The Divorce, Dissolution and Separation Act 2020, (dubbed the ‘no-fault divorce bill’) will come into force in April 2022 and represents arguably the most far reaching changes to UK divorce law in over 60 years. But what do the changes entail? What do they mean for individuals getting divorced? And for those considering divorce, is it worth waiting for the changes to come into force before instigating proceedings?
The Divorce, Dissolution and Separation Act 2020 was passed in June 2020 and the government is working on implementation of the changes.
Currently, under UK law when a party wishes to divorce, they must evidence to the Court that the marriage has irretrievably broken down and may rely on one of ‘five facts’ to evidence the break down. The five facts are:
- Unreasonable behaviour
- 2 years separation with consent
- 5 years separation without consent
What this means in reality, is that if an individual or a couple decide they wish to divorce and do not want to wait two years before commencing the proceedings, one party must cite the un-reasonable behaviour of the other. This effectively lays the ‘blame’ for the break down of the relationship on the other party and understandably, can often cause additional, unnecessary hurt and acrimony at an already stressful time. This can have a knock-on effect on arrangements involving children and finances and has, for some time, been considered unhelpful by legal practitioners.
The new legislation aims to prevent this and will:
- replace the ‘five facts’ with a new requirement to provide a statement of irretrievable breakdown
- remove the possibility of contesting the divorce
- introduce an option for a joint application
- make sure language is in plain English, for example, changing ‘decree nisi’ to conditional order and ‘decree absolute’ to final order
These changes will also apply to the dissolution of civil partnerships.
It is hoped that these changes will reduce animosity between divorcing parties and make the whole process far more straight forward. Unfortunately, due to time constraints in the House of Commons the legislation, which it had been hoped would come into force this autumn, will not be implemented until April next year.
Where does this leave parties who wish to remain on amicable terms throughout the divorce process and who find the concept of a ‘no-fault’ divorce appealing?
Delaying proceedings may sound like a sensible option however, this is not without risk. Until a divorce application has been issued and progressed, there can be no legally binding agreement in respect of matrimonial finances. This could leave both parties open to financial risk and should there be a souring of relations between the parties for any reason, even cause their financial position to be prejudiced.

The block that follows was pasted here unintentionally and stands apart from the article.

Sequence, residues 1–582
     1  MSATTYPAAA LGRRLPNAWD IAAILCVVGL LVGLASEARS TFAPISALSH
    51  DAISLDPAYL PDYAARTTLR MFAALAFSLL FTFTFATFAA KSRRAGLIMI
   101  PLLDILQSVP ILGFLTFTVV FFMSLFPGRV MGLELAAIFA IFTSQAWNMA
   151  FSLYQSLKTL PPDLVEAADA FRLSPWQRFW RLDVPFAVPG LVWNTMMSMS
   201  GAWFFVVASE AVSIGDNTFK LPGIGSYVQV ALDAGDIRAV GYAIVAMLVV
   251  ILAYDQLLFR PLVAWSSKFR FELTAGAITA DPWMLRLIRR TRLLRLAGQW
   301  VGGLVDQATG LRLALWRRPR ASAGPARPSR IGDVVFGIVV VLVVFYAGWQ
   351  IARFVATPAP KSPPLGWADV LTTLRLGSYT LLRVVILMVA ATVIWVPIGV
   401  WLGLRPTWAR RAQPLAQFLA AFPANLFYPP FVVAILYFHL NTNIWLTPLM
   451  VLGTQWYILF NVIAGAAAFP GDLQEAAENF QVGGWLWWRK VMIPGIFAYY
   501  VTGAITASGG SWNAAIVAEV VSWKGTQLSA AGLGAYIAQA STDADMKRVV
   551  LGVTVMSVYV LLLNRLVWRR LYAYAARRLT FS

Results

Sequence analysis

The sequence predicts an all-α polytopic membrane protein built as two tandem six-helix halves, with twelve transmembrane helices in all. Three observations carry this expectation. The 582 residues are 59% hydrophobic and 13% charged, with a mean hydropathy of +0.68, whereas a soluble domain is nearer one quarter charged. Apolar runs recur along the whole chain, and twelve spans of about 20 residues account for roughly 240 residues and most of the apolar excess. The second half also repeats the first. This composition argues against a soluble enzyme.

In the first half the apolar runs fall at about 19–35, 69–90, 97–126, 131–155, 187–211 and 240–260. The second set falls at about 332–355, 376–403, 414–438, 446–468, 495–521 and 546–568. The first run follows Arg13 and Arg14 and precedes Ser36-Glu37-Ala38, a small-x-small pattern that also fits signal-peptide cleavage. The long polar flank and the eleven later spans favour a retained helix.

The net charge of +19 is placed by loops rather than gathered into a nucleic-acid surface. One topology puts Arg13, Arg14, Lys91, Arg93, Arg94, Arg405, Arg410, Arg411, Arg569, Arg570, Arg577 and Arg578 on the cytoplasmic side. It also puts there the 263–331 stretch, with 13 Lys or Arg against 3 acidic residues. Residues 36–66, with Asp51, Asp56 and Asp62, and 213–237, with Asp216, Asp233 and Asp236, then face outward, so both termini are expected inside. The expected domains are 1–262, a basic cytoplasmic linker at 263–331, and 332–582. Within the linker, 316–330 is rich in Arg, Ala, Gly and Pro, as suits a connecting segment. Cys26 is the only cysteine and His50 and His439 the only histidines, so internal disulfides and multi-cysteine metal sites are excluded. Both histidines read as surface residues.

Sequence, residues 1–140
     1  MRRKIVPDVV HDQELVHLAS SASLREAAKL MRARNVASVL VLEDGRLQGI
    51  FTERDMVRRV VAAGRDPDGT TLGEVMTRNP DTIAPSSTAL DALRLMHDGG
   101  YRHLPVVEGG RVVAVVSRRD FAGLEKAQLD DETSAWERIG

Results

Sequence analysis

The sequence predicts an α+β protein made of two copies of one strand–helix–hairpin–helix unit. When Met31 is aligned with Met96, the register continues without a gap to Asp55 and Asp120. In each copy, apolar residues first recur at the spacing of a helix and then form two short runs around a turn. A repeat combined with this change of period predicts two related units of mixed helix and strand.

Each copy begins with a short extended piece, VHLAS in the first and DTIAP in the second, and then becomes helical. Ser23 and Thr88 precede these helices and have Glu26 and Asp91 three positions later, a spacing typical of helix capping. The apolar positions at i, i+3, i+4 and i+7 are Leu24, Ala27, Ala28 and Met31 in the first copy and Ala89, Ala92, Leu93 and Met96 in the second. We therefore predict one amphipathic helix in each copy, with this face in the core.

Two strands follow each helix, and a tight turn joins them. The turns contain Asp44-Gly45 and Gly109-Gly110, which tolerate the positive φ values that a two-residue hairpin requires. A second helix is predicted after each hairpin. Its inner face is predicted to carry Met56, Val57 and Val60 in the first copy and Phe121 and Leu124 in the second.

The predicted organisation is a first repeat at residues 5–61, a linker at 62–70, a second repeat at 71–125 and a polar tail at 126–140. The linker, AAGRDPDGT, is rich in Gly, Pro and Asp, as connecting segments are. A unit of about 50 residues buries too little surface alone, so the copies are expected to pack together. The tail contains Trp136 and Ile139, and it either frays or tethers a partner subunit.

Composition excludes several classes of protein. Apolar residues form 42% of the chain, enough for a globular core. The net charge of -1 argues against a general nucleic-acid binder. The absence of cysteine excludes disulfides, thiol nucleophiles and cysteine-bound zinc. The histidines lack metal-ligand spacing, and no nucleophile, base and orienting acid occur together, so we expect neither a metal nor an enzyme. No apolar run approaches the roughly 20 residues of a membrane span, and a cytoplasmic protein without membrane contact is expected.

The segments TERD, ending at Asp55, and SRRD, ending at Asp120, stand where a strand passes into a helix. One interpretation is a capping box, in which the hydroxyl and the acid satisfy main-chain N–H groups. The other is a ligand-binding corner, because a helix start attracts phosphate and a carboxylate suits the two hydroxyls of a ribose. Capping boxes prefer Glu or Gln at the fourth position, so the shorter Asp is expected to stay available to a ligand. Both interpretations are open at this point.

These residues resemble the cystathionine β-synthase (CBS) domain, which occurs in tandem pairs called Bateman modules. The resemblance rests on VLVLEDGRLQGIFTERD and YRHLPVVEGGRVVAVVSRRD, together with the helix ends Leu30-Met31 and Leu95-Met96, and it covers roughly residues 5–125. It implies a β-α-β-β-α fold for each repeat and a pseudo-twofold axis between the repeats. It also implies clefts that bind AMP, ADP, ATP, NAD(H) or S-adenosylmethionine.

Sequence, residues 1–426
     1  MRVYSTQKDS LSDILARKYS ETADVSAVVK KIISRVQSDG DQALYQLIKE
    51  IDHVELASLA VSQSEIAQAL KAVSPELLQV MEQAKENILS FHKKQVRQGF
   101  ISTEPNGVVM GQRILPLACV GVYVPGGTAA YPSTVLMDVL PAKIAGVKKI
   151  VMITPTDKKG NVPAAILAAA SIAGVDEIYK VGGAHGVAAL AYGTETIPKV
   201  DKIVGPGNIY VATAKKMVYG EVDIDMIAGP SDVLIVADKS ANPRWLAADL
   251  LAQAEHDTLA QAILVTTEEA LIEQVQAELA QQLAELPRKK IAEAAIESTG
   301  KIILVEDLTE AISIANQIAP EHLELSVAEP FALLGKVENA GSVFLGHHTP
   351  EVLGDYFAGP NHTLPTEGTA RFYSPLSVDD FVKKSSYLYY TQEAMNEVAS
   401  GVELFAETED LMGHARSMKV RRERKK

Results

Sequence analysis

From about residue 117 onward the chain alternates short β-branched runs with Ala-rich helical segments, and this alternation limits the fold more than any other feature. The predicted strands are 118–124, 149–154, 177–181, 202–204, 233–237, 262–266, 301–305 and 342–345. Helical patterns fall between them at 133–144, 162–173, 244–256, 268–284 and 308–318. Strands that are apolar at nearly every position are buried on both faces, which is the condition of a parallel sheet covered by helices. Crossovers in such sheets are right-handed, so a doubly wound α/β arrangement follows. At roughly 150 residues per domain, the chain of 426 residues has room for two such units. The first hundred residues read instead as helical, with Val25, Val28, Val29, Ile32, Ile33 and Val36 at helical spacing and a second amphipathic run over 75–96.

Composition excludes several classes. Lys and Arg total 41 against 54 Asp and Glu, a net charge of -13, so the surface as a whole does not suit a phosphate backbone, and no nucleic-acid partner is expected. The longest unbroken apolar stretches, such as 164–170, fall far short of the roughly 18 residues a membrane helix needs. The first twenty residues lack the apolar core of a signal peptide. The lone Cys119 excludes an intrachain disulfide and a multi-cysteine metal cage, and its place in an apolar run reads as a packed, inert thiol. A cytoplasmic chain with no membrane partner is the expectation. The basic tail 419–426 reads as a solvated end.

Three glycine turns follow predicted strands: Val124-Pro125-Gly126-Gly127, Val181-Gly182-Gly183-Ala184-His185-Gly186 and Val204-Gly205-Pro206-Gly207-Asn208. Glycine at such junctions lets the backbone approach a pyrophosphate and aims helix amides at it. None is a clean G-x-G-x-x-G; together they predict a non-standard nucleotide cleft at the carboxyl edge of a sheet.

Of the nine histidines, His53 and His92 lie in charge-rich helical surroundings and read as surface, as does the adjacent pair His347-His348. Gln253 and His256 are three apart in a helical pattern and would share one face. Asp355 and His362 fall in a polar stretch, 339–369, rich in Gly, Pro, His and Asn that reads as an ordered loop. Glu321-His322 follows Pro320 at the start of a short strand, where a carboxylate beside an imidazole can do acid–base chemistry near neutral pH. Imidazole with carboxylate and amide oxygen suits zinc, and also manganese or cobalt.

Grant Stephens Family Law are members of Resolution, an organisation founded in 1982, whose aim is to produce better outcomes for separating families and their children. Our work is guided by the Resolution Code of Conduct and as such, we are committed to working in a way that promotes amicable relations between parties.
We are used to helping our clients navigate the divorce process in a positive and constructive manner, whether that involves a properly drafted divorce petition that can be agreed with the other side or financial settlements achieved through negotiation and without the need for Court proceedings.
We also have several solicitors who specialise in collaborative law, a process designed to help parties with more complex financial arrangements reach agreement in respect of divorce and finances without recourse to the Courts.
We would therefore advise anyone who is currently considering divorce not to delay, but to contact us for an initial free consultation. We will work with you to ensure the process is as straight forward and amicable as possible whilst also achieving a fair and positive outcome.
Article written by Amber Harding,
Family Law Solicitor.
Grant Stephens Family Law